THINK BURIED cities and archaeological digs, and you may not think of Annapolis right away. But local archaeological investigations have become a burgeoning activity in Maryland and Virginia in the last few years, and a continuing dig by a group called Archaeology in Annapolis offers a rich example of the kind of rewards the archaeological endeavor can bring. In this case, it's the reappearance of chunks of unwritten history long forgotten: the existence through much of the 1700s and 1800s of a thriving community of free blacks in and around the state's capital. Among the facts hinted at by the excavations, not so much unknown as unfocused-on hitherto, is the realization that the population of Annapolis in the 1700s may have been as much as a third black -- falling to one-fourth in the following century -- and that this population may have been substantially middle class rather than poor. The dig in a 19th century black neighborhood turned up imported teacups and saucers, along with the more familiar detritus of daily life and, mixed with it, discarded baby bottles and other trash that had drifted down from nearly modern-day houses with their foundations atop the old ones.
This particular dig is a joint venture of the Historic Annapolis Foundation and the University of Maryland, a partnership that nicely mirrors the double-edged value of archaeology in the context of a modern American city. On the one hand it's a reclamation of the history, or the many histories, that didn't get written down; on the other it's a textbook example, for the students on the dig and those in the classroom, of the practice of historical inquiry itself.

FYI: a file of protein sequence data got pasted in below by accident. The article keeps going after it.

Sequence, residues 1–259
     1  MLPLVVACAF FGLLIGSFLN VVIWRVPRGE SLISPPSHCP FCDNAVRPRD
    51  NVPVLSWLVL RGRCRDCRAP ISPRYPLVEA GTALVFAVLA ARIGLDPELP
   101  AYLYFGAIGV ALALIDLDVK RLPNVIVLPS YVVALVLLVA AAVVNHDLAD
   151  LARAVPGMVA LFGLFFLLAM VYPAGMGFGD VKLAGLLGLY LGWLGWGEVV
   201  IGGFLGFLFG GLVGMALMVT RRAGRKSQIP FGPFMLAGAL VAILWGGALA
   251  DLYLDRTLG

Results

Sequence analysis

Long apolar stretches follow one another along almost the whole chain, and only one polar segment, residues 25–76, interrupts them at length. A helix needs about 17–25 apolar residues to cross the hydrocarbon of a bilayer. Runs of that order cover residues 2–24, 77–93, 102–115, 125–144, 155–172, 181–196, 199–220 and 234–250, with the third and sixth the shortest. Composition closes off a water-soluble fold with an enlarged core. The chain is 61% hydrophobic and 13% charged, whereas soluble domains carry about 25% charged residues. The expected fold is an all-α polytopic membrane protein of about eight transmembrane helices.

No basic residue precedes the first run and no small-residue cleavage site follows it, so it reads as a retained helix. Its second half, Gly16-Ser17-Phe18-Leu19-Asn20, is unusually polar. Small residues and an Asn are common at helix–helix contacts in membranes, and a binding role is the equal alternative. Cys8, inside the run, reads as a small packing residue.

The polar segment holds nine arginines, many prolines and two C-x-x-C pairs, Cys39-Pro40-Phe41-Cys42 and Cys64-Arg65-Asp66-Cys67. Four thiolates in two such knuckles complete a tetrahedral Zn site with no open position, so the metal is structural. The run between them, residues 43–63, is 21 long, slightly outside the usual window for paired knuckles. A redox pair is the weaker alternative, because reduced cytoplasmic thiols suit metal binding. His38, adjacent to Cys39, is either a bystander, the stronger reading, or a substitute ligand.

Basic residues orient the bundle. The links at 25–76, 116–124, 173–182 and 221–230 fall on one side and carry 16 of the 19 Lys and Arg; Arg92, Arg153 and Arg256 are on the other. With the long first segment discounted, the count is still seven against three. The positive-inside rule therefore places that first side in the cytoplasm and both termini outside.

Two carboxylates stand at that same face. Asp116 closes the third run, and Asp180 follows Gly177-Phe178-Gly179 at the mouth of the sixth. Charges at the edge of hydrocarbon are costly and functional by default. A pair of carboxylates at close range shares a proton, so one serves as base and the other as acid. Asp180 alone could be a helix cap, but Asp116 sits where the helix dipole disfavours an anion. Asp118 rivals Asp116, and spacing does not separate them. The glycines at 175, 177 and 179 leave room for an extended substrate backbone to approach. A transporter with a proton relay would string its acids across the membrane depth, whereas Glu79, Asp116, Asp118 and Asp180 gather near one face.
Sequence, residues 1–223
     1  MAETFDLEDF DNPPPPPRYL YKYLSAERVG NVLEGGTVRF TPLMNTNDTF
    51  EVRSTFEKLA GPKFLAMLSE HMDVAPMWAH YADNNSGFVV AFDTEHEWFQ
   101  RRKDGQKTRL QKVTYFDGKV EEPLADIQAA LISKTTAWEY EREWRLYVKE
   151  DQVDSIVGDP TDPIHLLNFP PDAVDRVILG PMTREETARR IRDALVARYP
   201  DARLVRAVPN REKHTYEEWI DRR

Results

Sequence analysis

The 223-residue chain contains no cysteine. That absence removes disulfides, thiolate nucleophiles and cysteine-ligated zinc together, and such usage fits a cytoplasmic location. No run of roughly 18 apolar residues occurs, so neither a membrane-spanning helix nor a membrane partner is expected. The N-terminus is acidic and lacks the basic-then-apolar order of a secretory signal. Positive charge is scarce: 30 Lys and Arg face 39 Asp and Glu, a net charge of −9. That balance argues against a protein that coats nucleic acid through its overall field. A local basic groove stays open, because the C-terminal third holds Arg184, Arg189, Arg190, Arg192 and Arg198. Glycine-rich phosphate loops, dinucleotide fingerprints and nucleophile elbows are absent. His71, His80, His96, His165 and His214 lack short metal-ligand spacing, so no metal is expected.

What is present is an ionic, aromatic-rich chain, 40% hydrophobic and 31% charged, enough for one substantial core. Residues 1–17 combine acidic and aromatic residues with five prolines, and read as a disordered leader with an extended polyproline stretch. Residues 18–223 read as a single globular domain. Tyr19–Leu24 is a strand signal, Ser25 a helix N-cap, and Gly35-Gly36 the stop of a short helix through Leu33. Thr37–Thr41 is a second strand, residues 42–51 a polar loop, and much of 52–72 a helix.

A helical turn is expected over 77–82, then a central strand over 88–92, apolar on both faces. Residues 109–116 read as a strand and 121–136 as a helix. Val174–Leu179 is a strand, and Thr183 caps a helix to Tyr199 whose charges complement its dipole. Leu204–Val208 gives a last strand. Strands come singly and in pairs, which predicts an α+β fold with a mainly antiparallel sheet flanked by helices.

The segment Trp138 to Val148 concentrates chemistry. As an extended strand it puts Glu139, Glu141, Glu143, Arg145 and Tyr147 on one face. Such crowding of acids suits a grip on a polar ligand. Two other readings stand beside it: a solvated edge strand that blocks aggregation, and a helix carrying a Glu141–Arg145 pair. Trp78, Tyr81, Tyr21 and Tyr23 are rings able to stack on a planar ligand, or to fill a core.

It's not so easy to demonstrate to students ranged in seats before a blackboard that there's more to what they're studying than a static cache of established and book-bound facts. It's easier in many ways to show them, to give them a hand in assembling the story, and in fact the popularity of such digs among college students and young volunteers is rising. In a country as young as this one, there's a natural tendency to see history as short and to think of vanished cities as buried beneath deserts far away; but really cities themselves are the best indications of previous cities' location. When the remodelers of the Louvre in Paris two years ago found themselves digging a 12th century citadel out of the cellar, the coincidence was no surprise to anybody. On the proper smaller and humbler scale, there's no reason to be surprised that the same is true of Annapolis.